SRM is a moral hazard. It incentivizes the world to emit more carbon in the hope of fixing the problem later. But that was going to happen anyway. We are already going to emit more carbon than modern civilization as we know it can survive. So, in the short term, does it matter?

Solar radiation management is a Band-Aid. It will not address rising atmospheric CO2 levels; in particular, it does not prevent ocean acidification caused by increased carbon dioxide levels. It will cool the earth, but not in a pattern which is equal and opposite to CO2 warming region by region. Because the sulfates would be most stable near the equator, where their half-life is over a year, SRM will cool the tropics more than the poles and create a world with less temperature variation and therefore less precipitation. It will also have unpredictable regional climate effects, which will put pressure on agriculture and housing, destabilize weather patterns, and harm ecosystems. SRM will hurt people, and its worst effects will fall disproportionately on those who were already most vulnerable and had the least say in its implementation.

But unchecked climate change is guaranteed to do all of those things, except much worse. Although we can’t predict the exact effects of either, we can be confident that one degree of warming plus SRM will do much, much less harm than three degrees of warming.

Human beings—especially environmentalists—have a tendency to desire what is “natural.” We believe that there is a way the planet should or would be without human intervention. According to this view, the way to reduce environmental damage and “save the earth” is simple: pull back our human intervention and let Mother Nature sort herself out the way she wants. But Mother Nature doesn’t want anything; she just is. At this point, human influence on the global climate is so overwhelming that the choice isn’t between the pre-industrial climate and the one we create. It’s between a climate we create unintentionally and one we create intentionally.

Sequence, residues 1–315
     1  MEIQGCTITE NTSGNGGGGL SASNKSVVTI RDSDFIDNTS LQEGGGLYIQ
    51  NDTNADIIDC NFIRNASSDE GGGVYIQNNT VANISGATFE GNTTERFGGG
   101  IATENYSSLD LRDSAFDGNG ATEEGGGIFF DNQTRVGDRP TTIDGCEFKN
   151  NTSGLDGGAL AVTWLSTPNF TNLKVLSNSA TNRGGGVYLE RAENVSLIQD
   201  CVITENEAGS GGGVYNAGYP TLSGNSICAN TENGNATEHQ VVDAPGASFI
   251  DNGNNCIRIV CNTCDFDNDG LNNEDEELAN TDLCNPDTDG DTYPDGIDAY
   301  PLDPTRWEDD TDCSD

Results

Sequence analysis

Geoengineering will be used to slow and moderate global warming, not to reverse it. We will eventually decarbonize the world economy and implement carbon capture to bring atmospheric CO2 back down. But we won’t do it in the very short term because it’s too expensive and difficult. SRM will keep us afloat until then.

You’ll note that I say “will,” not “would, if SRM is implemented.” This is because SRM or another similar geoengineering technique probably will be implemented. SRM is so cheap that it could be done by any large economy—the US, but also Germany or Saudi Arabia or India. All it takes is one politician with a promise to change the world.

So we must have the conversation. Our choice right now is whether to proactively invest in relevant basic, technical, and policy research now. This preparation wouldn’t be expensive, and it might very well save the world.

Originally published on April 22, 2020.